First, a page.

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Dietary Supplements and Autism Ranking: Unable to rate

Key Features

Dietary supplements (also called nutritional supplements or nutraceuticals) are products intended to improve or enhance the diet.

Dietary supplements include vitamins, minerals, herbals and botanicals, and many other products. They may come in a variety of forms including tablets, capsules and powders, as well as drinks and energy bars.

Dietary supplements are sometimes combined with other therapies. For example, some people advocate taking one or more dietary supplements, following a particular diet and using detoxification techniques such as chelation.

Types

The following is a list of some common dietary supplements which have been reported to be beneficial to people on the autism spectrum.

Multivitamin/mineral supplements.

Also known as MVMs, these contain a combination of vitamins and minerals, and sometimes other ingredients as well.

Vitamins

  • Vitamin A (also known as retinol) is found in animal sources such as eggs, meat, fish, milk, cheese. Beta carotene, which the body converts into Vitamin A, is found in vegetable sources such as carrots, squashes, and most dark green, leafy vegetables.
  • Vitamin B6 (also known as pyridoxine) is found in beans, nuts, legumes, eggs, meats, fish, whole grains and, fortified breads and cereals.
  • Vitamin B12 is found in virtually all meat products and certain algae such as seaweed. Other sources include fish, dairy products and yeast extract.
  • Vitamin C (also known as ascorbic acid) is found in all fruits and vegetables.
  • Vitamin D is found in some foods, such as oily fish and eggs, and can also be made in the body after exposure to ultraviolet rays from the sun.
  • Folic acid (also known as vitamin B9) is found in small amounts in many foods including broccoli, Brussels sprouts and peas.

Minerals

  • Calcium is found in many foods including dairy products, green leafy vegetables, soybean products, baked goods made from fortified flour and some nuts.
  • Magnesium is found in a wide variety of foods including green leafy vegetables (such as spinach) and nuts, as well as bread, fish, meat and dairy foods.
  • Zinc is found in meat, shellfish, milk and dairy foods such as cheese, bread, and cereal products such as wheatgerm.

Herbals and botanicals

  • Ginkgo biloba is a concentrated extract taken from the leaves of the ginko tree.
  • Luteolin is a flavonoid found in many plants including celery, green pepper and thyme.
  • Quercetin belongs to a group of plant pigments called flavonoids that give many fruits, flowers and vegetables their colour.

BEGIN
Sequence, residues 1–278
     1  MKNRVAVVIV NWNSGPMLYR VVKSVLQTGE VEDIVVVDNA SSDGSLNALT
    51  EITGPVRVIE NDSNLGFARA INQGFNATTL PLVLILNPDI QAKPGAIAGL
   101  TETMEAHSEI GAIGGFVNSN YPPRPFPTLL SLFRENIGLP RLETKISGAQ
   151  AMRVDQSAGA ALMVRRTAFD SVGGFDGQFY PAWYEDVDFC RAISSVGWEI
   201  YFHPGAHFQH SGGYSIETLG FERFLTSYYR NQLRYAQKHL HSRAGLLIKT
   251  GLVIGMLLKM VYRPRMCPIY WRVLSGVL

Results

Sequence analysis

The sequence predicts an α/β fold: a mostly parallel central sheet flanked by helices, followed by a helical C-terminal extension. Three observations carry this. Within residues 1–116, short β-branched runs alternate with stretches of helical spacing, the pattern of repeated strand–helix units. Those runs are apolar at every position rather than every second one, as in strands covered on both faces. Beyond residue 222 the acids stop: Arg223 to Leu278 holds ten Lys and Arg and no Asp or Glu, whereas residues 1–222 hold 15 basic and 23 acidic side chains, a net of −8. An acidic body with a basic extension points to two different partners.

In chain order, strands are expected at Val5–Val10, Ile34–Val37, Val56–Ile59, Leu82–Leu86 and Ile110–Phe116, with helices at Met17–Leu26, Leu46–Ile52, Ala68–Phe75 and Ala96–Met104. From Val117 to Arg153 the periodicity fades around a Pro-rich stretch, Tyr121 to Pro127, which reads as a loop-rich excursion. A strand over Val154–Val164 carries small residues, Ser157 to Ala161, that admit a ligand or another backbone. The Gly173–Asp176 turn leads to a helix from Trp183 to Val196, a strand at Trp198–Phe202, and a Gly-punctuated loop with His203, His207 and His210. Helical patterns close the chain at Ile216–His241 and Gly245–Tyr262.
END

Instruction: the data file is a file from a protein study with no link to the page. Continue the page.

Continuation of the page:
• St. John's Wort is a flowering plant in the family hypericaceae.
  • Yokukansan is a traditional Asian herbal medicine containing a range of rhizomes and roots.

Other

  • Carnitine is the generic term for a group of natural substances such as L-carnitine, which are found in nearly all cells of the body and in certain foodstuffs, such as meat, fish, poultry and milk.
  • Carnosine is a naturally occurring dipeptide, that is, a molecule consisting of two amino acids, found in the human body.
  • Digestive enzymes are proteins such as bromelain, which help to break down food so that the body can absorb it.
  • Dimethylglycine is a derivative of the amino acid glycine found in plant and animal cells and in certain foods such as beans and liver.
  • Glutathione is a substance produced naturally by the liver and is found in fruits, vegetables and meats.
  • Omega-3 is an essential fatty acid that cannot be created within the human body. It must therefore be obtained from foodstuffs, such as some plant seeds and fish-oil.
  • Probiotics are live microorganisms thought to be beneficial to the host organism. Prebiotics are natural substances in some foods that are supposed to encourage the growth of probiotics.

Dosage

The dosage will depend to a certain extent on the characteristics of the specific dietary supplement being used (trace elements such as zinc should only be given in very, very small doses) and the characteristics of the individual taking the supplement (children generally need smaller doses than adults).

However, care should be taken not to exceed recommended dosages set by organisations such as the Food Standards Agency or the Medicines and Healthcare Regulatory Agency. This is because high dosages of some substances can cause problems. For example, according to Bazian (2011), levels of vitamin C above 1,000mg a day can cause abdominal pain and diarrhoea.

Dietary supplements in the UK carry labels denoting the percentage of the Recommended Daily Allowance (RDA) contained in the product.

Updated
31 Oct 2017
Last Review
01 Apr 2017
Next Review
01 Apr 2020